Actress and book lover Sarah Jessica Parker announced the first title, No One Is Coming to Save Us by Stephanie Powell Watts (HarperCollins/Ecco; HarperAudio; OverDrive Sample), on ABC’s Good Morning America, saying “there is much to praise about this very special book.” Parker also promoted the program and her role as honorary chair of the initiative on her Instagram page.

The debut novel is rising on Amazon, moving from #451 to #16 [UPDATE: as of 2 pm, ET, it’s moved to #9], within range of the just-announced Oprah pick, Behold the Dreamers, which is at #2.

Holds are building in several libraries.

Bustle also reports on the news, writing “the first book selection needs to be at the top of your summer TBR list.” Parade also writes about it.

In a press release Parker says “No One is Coming to Save Us marks the arrival of a wonderfully gifted new American writer. JJ, Ava, and Sylvia are easy characters to fall in love with, and Stephanie Powell Watts brings them to life with warmth and generosity. I can’t wait to share their story, their search for fulfillment and attempts to better understand their past and shape their future, with readers everywhere, and I’m jealous of all who will open to page one for the first time.”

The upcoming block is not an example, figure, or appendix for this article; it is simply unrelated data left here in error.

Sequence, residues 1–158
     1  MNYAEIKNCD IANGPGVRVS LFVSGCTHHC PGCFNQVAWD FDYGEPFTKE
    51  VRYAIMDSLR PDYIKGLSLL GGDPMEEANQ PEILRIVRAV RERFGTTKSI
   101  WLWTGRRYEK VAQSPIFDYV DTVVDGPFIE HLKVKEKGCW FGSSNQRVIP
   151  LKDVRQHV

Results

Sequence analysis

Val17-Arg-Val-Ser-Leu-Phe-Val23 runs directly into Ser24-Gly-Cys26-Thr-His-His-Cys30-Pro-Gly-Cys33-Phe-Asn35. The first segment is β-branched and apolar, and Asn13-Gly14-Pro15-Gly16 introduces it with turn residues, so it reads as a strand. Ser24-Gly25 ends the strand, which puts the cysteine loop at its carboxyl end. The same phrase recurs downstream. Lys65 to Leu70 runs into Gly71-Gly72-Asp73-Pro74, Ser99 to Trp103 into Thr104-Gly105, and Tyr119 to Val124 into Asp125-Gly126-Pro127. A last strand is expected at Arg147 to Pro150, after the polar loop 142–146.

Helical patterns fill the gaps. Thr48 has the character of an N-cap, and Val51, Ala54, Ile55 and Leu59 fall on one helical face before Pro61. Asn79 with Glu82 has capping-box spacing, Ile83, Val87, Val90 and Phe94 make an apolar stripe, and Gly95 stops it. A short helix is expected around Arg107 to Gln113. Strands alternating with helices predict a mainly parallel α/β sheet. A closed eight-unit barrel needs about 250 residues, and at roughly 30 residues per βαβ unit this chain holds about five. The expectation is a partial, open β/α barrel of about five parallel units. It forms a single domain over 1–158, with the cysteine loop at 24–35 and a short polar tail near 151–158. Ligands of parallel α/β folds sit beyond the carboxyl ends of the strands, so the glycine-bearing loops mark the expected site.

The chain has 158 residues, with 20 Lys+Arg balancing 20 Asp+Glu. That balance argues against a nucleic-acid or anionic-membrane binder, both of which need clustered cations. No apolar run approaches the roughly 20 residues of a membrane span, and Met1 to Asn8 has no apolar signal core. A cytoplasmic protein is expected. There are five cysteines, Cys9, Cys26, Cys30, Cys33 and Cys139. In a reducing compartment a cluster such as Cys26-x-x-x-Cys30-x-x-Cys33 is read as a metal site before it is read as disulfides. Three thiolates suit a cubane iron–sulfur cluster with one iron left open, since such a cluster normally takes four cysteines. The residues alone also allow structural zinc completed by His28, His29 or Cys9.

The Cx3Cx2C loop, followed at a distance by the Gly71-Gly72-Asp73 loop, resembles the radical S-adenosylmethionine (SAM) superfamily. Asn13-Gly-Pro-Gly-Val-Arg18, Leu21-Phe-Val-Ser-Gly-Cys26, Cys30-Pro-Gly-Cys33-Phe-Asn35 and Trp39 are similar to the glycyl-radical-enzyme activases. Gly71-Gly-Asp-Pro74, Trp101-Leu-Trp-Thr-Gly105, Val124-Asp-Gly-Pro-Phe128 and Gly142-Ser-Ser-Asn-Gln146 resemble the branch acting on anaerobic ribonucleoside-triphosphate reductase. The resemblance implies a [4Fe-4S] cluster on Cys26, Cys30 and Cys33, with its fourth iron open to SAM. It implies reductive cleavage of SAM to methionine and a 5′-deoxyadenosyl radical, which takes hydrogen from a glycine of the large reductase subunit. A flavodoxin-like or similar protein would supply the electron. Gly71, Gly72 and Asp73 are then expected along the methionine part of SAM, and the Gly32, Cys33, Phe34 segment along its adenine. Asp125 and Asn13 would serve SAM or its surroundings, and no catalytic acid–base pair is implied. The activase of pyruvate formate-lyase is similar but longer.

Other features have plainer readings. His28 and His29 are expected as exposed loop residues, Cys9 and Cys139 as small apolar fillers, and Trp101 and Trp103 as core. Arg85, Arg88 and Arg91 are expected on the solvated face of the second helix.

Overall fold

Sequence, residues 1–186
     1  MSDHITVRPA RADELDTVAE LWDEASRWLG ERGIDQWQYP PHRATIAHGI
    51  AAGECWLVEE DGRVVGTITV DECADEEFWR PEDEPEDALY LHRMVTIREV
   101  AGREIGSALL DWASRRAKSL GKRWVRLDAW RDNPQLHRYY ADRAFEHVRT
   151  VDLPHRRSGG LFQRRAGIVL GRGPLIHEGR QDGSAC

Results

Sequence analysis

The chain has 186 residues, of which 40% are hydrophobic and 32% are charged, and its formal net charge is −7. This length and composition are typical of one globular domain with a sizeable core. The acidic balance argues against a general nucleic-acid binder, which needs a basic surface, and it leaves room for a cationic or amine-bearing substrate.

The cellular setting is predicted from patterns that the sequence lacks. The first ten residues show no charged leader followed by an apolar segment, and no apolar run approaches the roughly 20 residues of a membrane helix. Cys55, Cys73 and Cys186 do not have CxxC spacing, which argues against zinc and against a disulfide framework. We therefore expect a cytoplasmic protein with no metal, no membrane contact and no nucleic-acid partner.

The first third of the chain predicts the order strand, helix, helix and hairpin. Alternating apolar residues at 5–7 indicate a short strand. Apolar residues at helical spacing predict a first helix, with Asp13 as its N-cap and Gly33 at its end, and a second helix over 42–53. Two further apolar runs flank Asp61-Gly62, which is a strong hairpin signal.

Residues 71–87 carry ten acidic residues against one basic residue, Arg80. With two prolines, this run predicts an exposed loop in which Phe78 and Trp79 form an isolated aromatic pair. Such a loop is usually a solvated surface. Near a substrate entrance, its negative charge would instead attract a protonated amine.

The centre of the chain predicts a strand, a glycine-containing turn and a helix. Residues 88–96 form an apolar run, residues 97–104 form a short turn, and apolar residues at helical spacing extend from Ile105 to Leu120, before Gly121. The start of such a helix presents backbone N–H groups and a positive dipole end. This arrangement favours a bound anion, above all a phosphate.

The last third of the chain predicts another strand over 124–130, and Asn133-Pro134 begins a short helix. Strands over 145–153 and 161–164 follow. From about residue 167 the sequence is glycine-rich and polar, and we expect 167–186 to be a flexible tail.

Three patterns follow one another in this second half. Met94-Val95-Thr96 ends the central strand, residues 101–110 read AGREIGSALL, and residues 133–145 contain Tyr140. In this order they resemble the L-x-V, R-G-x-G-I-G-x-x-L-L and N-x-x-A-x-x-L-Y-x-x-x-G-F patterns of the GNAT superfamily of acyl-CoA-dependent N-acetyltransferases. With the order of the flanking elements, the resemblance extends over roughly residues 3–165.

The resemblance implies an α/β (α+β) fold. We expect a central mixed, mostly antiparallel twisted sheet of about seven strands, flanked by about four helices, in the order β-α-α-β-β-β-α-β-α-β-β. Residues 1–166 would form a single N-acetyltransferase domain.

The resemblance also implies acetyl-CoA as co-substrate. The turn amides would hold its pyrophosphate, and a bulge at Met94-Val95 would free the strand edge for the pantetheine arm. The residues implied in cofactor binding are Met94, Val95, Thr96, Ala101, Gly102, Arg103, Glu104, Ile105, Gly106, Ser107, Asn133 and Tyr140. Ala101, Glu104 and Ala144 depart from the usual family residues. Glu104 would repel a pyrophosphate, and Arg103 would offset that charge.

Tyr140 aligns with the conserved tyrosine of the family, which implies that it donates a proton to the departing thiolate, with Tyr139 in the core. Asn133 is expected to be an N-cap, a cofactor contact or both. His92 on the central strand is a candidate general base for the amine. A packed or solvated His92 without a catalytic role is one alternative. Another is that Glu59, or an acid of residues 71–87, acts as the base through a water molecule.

The book got attention when it first published, making a number of most anticipated lists and getting reviewed by the NYT, The Washington Post, and USA Today, and being featured on NPR’s All Things Considered.

Parker is also launching a new imprint, SJP for Hogarth, in 2018, a project, reports Parade, that grew from her overwhelming reaction to Anthony Mara’s A Constellation of Vital Phenomena.

GALLEYCHATTER, June 2017, BookExpo SPECIAL EDITION